Can It Be Fixed?

You're in the middle of attaching your scope to a different rifle and the thing slips out of your hand. It crashes to the floor, hitting the work bench on the way down. A word or two slips your lips as you pick it up and hope it isn't damaged. No such luck. Now what?

Or, perhaps your riflescope is old. You've had it for years and it has served you well but it just isn't doing the job the way it did in the past. Is there some way to extend its life beyond today?

Maybe Yes and Maybe No - Check Your Warranty

The answers are yes and no. Our research has shown us that there are a few things you can do to get a broken riflescope repaired - some work better than others. Before we go much further though, it's a good idea to check the warranty you received when you purchased your scope. If you bought it second-hand, or didn't receive a warranty with the scope, then the project could turn out to be costly at best. Many of the top manufacturers offer a lifetime warranty with their product, but you have to read the paperwork well as there can be some subtle wording in there which, if you miss it, can void your efforts.

Keep Your Sights in Sight

If you have a warranty, then contact the customer service department of the manufacturer and follow their guidelines in terms of sending the scope in for repair. We've heard some horror stories from folks who have sent their scopes in for repair and they've "disappeared", or the cost of the repair was a lot more than the scope itself was worth. Do your homework. Assume nothing.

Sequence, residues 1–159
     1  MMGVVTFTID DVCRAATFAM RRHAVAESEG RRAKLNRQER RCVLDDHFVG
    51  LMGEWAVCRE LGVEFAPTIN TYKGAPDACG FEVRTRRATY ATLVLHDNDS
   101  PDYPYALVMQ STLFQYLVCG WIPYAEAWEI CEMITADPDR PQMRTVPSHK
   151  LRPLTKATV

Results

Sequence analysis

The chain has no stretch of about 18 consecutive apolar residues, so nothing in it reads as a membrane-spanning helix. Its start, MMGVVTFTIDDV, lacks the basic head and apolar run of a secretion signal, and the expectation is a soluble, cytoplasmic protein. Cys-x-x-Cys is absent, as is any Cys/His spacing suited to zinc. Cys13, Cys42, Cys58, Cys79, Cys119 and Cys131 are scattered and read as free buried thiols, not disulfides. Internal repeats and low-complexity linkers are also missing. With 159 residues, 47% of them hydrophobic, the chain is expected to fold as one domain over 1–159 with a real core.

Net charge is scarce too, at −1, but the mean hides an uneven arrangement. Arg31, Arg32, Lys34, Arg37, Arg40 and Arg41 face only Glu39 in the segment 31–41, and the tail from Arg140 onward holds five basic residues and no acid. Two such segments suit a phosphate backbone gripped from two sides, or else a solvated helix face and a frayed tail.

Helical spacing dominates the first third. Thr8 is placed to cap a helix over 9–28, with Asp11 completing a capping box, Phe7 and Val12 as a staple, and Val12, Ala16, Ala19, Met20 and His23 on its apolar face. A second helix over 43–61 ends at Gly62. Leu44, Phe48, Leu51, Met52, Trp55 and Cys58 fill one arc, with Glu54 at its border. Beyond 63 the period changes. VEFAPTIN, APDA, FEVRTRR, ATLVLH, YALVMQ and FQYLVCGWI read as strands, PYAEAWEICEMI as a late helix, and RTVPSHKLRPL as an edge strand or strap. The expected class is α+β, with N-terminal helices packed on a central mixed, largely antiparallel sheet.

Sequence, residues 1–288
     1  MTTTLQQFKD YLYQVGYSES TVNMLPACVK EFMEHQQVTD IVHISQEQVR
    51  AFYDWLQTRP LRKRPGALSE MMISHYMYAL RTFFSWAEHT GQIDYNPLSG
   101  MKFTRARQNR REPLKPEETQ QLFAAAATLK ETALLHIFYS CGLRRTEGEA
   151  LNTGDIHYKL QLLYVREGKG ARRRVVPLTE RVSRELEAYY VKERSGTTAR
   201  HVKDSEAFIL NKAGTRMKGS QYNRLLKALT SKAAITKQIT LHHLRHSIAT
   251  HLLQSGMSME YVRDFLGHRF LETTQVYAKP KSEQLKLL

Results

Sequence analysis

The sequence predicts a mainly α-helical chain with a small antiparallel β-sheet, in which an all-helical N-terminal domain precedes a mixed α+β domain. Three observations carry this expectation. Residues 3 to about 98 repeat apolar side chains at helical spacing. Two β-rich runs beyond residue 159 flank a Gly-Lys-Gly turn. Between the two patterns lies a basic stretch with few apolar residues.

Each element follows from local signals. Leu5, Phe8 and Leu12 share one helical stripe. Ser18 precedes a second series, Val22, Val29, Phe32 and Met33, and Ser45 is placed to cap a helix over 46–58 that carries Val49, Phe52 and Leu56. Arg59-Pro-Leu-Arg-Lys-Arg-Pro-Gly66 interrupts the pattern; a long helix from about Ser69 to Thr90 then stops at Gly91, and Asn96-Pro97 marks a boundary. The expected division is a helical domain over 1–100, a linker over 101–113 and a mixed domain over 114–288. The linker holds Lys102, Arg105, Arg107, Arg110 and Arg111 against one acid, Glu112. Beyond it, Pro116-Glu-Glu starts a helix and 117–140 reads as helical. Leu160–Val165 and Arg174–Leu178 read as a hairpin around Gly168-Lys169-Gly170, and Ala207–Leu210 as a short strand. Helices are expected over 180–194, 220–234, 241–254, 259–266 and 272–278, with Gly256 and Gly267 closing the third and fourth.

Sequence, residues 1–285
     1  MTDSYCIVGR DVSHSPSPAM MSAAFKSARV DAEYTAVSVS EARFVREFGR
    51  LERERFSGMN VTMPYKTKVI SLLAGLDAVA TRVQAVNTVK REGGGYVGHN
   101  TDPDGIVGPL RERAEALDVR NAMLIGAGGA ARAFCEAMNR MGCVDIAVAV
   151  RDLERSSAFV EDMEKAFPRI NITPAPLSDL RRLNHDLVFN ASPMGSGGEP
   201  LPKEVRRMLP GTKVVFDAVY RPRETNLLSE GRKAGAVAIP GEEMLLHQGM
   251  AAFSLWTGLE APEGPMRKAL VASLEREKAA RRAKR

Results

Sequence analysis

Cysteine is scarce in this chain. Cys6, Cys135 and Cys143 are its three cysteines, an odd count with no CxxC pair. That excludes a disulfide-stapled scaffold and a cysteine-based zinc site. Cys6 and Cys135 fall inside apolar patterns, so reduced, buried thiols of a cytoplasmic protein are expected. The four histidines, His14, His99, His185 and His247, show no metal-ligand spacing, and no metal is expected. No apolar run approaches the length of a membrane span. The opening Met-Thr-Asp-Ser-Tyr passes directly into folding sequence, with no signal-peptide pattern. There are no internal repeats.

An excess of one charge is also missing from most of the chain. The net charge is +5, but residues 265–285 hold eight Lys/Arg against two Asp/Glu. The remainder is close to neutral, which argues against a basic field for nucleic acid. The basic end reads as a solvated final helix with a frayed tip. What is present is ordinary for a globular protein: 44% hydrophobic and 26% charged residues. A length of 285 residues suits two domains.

Who's On First?

Riflescope manufacturing companies change hands regularly and, as a result, you'll want to be sure you know who owns the company that made your sights. For instance, Tasco is owned by Bushnell, so Bushnell is the company to check with in terms of repairs. Redfield was bought out as well. You might have to play detective. At the end of the day, some companies have been reported to have advised the customer that the sight is not repairable and offered them a "great deal" on a new sight.

Some Alternative Contacts

If you don't have a warranty, you can still contact the manufacturer - some actually will replace the piece. We found a site for you to search out which may be of great help. The Gun Guy site can point you in the right direction when it comes to finding a reputable place to have your scope repaired. You can also check www.scribd.com for the Riflescope Owners' Handbook, which may give you some instruction on simple repairs you can do yourself.

A Guy You Can Trust

If you have a Redfield scope that needs repair, one name comes up over and over again. Mike at Iron Sight Inc. in Tulsa has a great following of satisfied customers. He can't be rushed though, so if you give him the time he needs, he'll get the job done. Check him out at scopeservice@tulsacoxmail.com and see if he can help you.

Or, Maybe Just Buy a New One

At the end of the day, it may not be worth the investment of time and money and you may be better off just buying yourself a new scope.